In tough economic times, price becomes a much larger factor in purchasing decisions. In a battle for business, price wars develop and customers can benefit greatly. But how do these wars come about?

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Recent Price Wars
The e-book reader market price war was sparked by new entrants competing with Amazon's Kindle product. The Kindle started at $399 in 2007, and now the Kindle is priced at $139 for the lower-end model. While prices do generally decline quickly in electronics, in this case the price cut is primarily a response to competition from the Barnes and Noble's $149 Nook reader and Sony's $150 Reader Pocket Edition.

In addition, the recently introduced Apple iPad is seen as a potential competitor, although the product is not a dedicated e-book reader and carries a higher price.

In exchange-traded funds, the first shot came from a smaller competitor, the brokerage firm Charles Schwab, which was the first to offer no transaction fees when buying or selling a variety of the firm's ETFs. Previously, investors paid commissions for buying and selling ETFs, just as they did for stocks. Fidelity quickly fired back, striking its own deal with iShares to offer a choice of several no-transaction-fee ETFs for its customers. Vanguard has also moved to offer its ETFs with no transaction fee. (For related reading, take a look at 5 New ETFs You've Never Heard Of.)

What Causes Price Wars
Price wars most often strike industries where there is both heavy competition and several comparable products. Under these conditions, there is a large incentive for a competitor to cut prices in order to gain a greater share of the market. Left unchecked, a price war can spiral into a string of ever-lower price cuts that evaporate profit margins. Firms with fewer financial resources may even be put out of business.

The airline industry is a classic example of an environment for price wars. Air travel is viewed by consumers as a commodity product - transportation from point A to point B. Since the service offerings of different airlines are so similar, consumers look primarily at price when they buy. This has led to virtually continual fare wars in different markets around the world. A widespread fare war in 1992 cost the U.S. airline industry more than $4 billion in just a few months, according to The New Yorker.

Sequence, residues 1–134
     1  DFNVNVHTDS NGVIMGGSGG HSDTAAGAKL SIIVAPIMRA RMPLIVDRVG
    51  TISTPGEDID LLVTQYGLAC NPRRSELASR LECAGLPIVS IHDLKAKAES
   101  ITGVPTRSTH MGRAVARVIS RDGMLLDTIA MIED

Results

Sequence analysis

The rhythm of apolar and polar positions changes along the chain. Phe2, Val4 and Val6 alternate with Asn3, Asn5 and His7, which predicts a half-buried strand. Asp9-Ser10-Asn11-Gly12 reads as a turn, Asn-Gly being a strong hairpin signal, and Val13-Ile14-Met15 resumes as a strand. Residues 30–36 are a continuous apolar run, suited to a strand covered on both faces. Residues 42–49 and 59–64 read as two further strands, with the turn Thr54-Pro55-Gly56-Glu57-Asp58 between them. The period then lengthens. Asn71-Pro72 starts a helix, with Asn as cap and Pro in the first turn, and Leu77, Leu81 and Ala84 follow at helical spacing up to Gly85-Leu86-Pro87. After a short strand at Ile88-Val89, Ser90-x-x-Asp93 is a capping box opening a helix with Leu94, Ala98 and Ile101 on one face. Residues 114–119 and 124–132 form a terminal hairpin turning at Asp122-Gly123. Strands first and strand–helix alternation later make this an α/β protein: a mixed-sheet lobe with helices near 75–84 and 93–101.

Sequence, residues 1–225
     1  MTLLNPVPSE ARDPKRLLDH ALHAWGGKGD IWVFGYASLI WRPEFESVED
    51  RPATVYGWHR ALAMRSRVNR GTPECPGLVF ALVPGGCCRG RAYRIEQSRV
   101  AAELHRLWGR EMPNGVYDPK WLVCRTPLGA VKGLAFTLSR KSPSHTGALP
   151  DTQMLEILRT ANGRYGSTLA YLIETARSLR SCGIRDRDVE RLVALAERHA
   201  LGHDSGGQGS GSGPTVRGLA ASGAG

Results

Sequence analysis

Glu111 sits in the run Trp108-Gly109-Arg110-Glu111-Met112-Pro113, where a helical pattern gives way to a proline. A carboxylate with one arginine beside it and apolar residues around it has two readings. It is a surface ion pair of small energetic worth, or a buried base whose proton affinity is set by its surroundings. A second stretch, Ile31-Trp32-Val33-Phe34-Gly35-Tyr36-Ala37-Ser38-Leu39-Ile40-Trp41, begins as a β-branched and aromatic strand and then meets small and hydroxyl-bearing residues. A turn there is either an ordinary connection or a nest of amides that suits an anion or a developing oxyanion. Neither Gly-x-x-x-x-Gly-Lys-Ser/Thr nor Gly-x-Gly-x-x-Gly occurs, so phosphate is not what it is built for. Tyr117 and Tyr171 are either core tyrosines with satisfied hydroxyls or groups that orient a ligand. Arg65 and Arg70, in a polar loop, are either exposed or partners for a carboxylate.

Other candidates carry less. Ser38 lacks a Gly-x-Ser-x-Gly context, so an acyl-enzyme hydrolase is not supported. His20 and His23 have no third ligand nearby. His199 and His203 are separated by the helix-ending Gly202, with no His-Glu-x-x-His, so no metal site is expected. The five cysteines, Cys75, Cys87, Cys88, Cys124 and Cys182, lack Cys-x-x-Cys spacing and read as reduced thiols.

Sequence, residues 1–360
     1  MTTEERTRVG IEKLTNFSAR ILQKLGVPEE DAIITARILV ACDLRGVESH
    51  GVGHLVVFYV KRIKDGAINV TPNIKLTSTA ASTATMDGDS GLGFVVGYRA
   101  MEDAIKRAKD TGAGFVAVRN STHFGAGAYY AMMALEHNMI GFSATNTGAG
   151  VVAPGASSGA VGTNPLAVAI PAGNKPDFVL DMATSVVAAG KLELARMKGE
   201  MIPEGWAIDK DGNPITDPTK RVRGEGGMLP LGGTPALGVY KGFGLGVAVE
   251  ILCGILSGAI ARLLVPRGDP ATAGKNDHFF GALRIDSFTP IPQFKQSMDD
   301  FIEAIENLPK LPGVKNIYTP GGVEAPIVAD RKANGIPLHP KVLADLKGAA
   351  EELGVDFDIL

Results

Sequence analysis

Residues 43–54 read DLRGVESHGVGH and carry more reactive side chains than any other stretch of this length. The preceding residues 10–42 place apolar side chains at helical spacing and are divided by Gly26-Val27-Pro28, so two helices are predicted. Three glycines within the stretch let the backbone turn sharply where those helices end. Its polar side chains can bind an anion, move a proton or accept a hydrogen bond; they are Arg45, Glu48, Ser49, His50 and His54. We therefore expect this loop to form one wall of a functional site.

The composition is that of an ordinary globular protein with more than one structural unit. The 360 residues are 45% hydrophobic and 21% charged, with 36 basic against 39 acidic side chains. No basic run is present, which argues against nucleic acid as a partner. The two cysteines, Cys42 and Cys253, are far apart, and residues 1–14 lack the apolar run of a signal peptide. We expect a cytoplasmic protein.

Consumers and Price Wars
On the surface, lower prices mean a better deal for consumers. However, in some situations it can work the other way. If a large firm can drive competitors out of business through aggressive price cutting, then consumers are left with fewer choices in the end. The remaining firms gain more pricing power over time, since there is no longer an established set of competitors.

How Firms can Respond
Price wars are almost always bad for firms. When firms have similar cost structures, cutting prices means cutting profit margins. But a price war can be difficult to address. If a competitor undercuts a firm's prices, the firm's most natural response is to match the new low prices. However, this may prompt the competitor to cut prices again, leading to a worse situation.

An article in the Harvard Business Review argues that the best response to a price war is to try to sidestep this type of direct conflict by employing a variety of different strategies. For instance, one possible tactic is to differentiate the firm's product offering from that of the lower cost firm. If a firm can offer a product that is in some way unique or superior, then it will be in a much better position to preserve its pricing power.

The Bottom Line
Healthy competition is good, but overly aggressive price wars can have negative long-term effects for both consumers and firms. There will always be a place for a low-cost leader, but other firms can respond to price challenges more intelligently by differentiating their products and delivering a superior offering to consumers.

Catch up on your financial news; read Water Cooler Finance: The Ups And Downs Of A Double-Dip Recession.

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